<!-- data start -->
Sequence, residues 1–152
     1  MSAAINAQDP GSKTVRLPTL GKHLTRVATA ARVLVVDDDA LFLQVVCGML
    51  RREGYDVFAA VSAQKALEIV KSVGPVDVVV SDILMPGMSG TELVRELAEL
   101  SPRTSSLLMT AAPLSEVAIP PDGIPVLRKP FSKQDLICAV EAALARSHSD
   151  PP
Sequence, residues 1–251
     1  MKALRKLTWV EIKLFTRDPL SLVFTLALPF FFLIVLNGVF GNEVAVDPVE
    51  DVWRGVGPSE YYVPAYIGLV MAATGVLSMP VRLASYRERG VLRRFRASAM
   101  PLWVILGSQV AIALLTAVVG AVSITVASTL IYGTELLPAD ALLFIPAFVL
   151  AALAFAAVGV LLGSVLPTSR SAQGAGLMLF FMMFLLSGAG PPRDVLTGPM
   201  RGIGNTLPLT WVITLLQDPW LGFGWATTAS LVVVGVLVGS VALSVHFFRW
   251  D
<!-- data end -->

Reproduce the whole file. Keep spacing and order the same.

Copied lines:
Sequence, residues 1–152
     1  MSAAINAQDP GSKTVRLPTL GKHLTRVATA ARVLVVDDDA LFLQVVCGML
    51  RREGYDVFAA VSAQKALEIV KSVGPVDVVV SDILMPGMSG TELVRELAEL
   101  SPRTSSLLMT AAPLSEVAIP PDGIPVLRKP FSKQDLICAV EAALARSHSD
   151  PP
Sequence, residues 1–251
     1  MKALRKLTWV EIKLFTRDPL SLVFTLALPF FFLIVLNGVF GNEVAVDPVE
    51  DVWRGVGPSE YYVPAYIGLV MAATGVLSMP VRLASYRERG VLRRFRASAM
   101  PLWVILGSQV AIALLTAVVG AVSITVASTL IYGTELLPAD ALLFIPAFVL
   151  AALAFAAVGV LLGSVLPTSR SAQGAGLMLF FMMFLLSGAG PPRDVLTGPM
   201  RGIGNTLPLT WVITLLQDPW LGFGWATTAS LVVVGVLVGS VALSVHFFRW
   251  D